Rosetta Stone

Rosetta Stone Italian review

Welcome to our Rosetta Stone review. We speak not of the stele composed of granodiorite that contains a trilingual decree from Memphis in 196 BC (that unlocked secrets of ancient inscriptions). No, we speak of the language-learning software that drew its name from that black rock.

Is Rosetta Stone that expensive course that’ll cost you an arm and a leg? Well, it used to be costly. But they have been lowering their price consistently, and currently, their price tag is similar (even lower) than most language-learning courses.

A distinctive feature of the Rosetta Stone platform is that it is one of the most innovative language-learning products (even though it’s been around for years). It’s got all kinds of fancy research backing it up. So when you purchase a Rosetta Stone subscription, you’re paying for the research that went into building the approach.

However, some people have a bone to pick with Rosetta Stone’s approach to language learning. They think the whole “intuition over explicit grammar” thing is a load of baloney. However, to each their own. Maybe Rosetta Stone knows something we don’t. Or they’re just really good at marketing. Who knows?

Is Rosetta Stone a scam?

So, here is the age-old question: is it worth the money, or is it just a big ol’ scam?

If you search for Rosetta Stone reviews, you’ll find a ton of them. But most are either super negative (telling you to run for the hills), or they’re trying to sell you on the product (and earn themselves a sweet commission).

So, what’s a fence-sitter to do? That’s where we come in, folks. Here is a balanced opinion about Rosetta Stone (and you decide).

Rosetta Stone Italian Review

Rosetta Stone offers language courses in a bunch of different tongues. But the effectiveness and quality of their courses vary depending on what language you’re trying to learn.

In this post, we’ll examine how Rosetta Stone teaches Italian. So, let’s get into it and see if Rosetta Stone’s Italian course is worth your time and money.

Rosetta Stone Italian is one of the best in the series!

Now, I don’t know if you’ve ever heard this before. But rumor has it that Rosetta Stone was designed for one of the Romantic languages – probably Spanish, because let’s face it, everybody and their grandma wants to learn Spanish these days.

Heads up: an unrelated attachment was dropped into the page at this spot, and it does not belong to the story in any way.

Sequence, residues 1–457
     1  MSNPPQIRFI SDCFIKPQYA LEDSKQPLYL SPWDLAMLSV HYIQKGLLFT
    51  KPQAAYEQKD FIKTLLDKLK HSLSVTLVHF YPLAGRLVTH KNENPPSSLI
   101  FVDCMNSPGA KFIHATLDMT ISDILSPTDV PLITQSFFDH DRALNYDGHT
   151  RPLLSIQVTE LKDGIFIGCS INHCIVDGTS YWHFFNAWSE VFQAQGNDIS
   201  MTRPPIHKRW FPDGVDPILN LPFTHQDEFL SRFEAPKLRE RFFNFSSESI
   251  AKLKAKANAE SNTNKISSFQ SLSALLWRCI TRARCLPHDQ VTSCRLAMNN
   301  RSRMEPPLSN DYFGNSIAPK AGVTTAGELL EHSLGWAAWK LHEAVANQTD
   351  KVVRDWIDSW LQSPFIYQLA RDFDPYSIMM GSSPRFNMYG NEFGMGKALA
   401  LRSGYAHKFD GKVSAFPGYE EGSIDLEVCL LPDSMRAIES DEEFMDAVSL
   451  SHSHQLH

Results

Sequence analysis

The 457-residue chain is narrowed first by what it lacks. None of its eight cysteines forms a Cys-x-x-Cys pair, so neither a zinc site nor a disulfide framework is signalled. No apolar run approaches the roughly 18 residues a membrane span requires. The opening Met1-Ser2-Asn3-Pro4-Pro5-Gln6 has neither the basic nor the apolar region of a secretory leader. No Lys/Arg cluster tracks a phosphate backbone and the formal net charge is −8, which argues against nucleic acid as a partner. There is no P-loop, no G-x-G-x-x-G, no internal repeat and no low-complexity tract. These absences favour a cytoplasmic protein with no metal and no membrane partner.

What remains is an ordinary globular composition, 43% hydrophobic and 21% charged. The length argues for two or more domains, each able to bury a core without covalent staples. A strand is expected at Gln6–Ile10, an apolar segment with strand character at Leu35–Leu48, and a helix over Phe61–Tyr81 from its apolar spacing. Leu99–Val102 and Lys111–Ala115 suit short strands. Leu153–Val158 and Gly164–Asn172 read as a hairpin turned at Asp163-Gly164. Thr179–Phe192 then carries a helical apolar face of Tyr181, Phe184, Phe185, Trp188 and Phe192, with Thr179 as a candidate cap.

But then, they got greedy and just copy-pasted the course structure for all their other languages. Talk about scaling up, am I right? But here’s the kicker – that move sacrificed quality for quantity.

However, we have a silver lining here because Italian is one of the Romance languages. Spanish, French, Italian, Portuguese, and Romanian all work better with Rosetta Stone because they pertain to the languages targeted in the original design.

Now, here’s the thing – Rosetta Stone doesn’t explain anything. They expect you to use intuition. So, Romance languages (similar to English) make it possible for users to figure things out themselves. But intuition isn’t gonna cut it when you’re trying to learn another language (Arabic, Chinese) that’s lightyears away from English.

Italian is mostly a phonetic language. You can usually figure out a word’s pronunciation just by looking at it written. It’s like a cheat code! And Rosetta Stone takes advantage of that like a pro.

Plus, the Romantic languages share similar alphabets with English. So if you’re trying to learn Italian with Rosetta Stone, you’ve got an advantage over the poor souls using Rosetta Stone trying to learn a language with a completely different script.

So, if you’re going to use Rosetta Stone, stick with Italian or one of the other Romance languages. 

The Rosetta Stone Philosophy

Rosetta Stone does not use your native language to teach you a new language. They toss you right into the deep end with your target language.

Now, at first glance, this might seem like a good idea. Rosetta Stone says its founders learned languages in immersive environments. And they want to emulate that for people who can’t travel. So, they figured, why not just ditch English altogether? They make you learn using pictures and audio without any explanation.

However, here comes one of our first complaints! There are better ways to learn as an adult than just using pictures and audio without explanations. Learning like a baby has benefits, but we’re adults and can handle complexity. So, receiving other inputs (besides the ones given inside Rosetta Stone) can accelerate the learning process.

You can test Rosetta Stone for a few days. And one of your conclusions will be that you could’ve learned the same things so much faster with other approaches. The devotion to simplicity might sound good in theory, but it just slows your learning down to a snail’s pace.

Rosetta Stone attempts to create a stress-free environment!

A concern may cross your mind when you’re getting ready to dive headfirst into your target language with Rosetta Stone. What if jumping into the deep end with your target language is overwhelming? Well, don’t worry! Rosetta Stone won’t overload you with too much information. They take it so seriously that they end up going the other way.